This was seized 4 u at Newswise

Thursday, June 15, 2006

Trax4u, free music for free people

If you are used to check out new music on the web you'll know that their beside the usual paid music download sites also is a lot of free music. Music under the Creative Commons licenses is free to download and share. Trax4u not only provides a space for free and unrestricted music available for download it also gives you the opportunity to find the really good trax which are released under the Creative Commons licenses.
The "recent" page lists details of the latest tracks, with a Flash-based player for each one, album art and license icons. You can listen to, comment and vote on listed tracks (using the "I like it!" button), then submit new ones. Those amassing the highest scores are listed on the Hits page. (Digg users should feel particularly at home with the interface.)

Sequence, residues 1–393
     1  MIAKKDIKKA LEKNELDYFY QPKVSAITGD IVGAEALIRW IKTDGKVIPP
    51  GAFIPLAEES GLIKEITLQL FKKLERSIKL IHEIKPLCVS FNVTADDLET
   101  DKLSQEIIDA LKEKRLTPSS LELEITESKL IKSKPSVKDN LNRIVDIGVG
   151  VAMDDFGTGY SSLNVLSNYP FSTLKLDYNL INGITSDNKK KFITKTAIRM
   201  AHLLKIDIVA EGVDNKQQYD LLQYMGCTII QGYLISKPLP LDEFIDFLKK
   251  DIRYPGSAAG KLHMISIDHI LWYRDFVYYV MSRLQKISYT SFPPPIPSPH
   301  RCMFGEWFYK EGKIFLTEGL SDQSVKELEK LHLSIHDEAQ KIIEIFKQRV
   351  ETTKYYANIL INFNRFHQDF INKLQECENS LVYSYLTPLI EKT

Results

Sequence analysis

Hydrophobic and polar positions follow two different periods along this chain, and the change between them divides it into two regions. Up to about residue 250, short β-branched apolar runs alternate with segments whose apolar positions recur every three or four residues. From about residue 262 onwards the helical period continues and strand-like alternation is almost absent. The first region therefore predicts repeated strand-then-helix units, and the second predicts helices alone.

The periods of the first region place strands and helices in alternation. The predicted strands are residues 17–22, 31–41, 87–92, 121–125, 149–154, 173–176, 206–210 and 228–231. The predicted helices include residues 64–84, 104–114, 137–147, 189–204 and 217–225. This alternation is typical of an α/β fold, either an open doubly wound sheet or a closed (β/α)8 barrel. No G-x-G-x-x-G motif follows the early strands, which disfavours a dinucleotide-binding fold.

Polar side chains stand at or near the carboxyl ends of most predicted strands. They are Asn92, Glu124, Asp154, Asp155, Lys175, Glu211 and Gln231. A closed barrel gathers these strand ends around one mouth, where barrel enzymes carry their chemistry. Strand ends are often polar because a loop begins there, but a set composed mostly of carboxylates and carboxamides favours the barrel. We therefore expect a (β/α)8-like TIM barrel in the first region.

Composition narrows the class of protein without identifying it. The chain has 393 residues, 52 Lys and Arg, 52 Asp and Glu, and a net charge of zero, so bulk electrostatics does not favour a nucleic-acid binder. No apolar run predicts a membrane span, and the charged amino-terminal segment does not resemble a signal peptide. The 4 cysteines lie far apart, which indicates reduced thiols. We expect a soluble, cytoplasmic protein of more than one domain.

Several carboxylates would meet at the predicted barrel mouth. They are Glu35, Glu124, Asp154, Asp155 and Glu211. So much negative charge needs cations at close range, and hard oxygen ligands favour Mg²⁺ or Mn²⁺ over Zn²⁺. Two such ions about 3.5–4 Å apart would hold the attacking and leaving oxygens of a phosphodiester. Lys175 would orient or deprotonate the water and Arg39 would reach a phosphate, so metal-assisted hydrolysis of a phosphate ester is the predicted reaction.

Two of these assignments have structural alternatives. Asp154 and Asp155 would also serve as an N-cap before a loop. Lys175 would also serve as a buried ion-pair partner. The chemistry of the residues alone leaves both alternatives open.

Trax4u is packed with features:
  • The circular play button next to each track title is a mini Flash music player - click it and you can listen to the whole song.
  • Want to listen to everything on the current page? Either use the long player bar at the top or click "m3u" on the top-right to download a playlist. (You can also add tunes to Webjay with the "playlist" button)
  • The Tags page lets you browse by genre. (Remember to tag appropriately when you're adding a tune!)
...and their is much more. Find the really good stuff, participate, comment, link your own music at
The application is a clone of Fabricio Zuardi's CCHits and runs on which means that you are free to clone it youself edit the source code etc...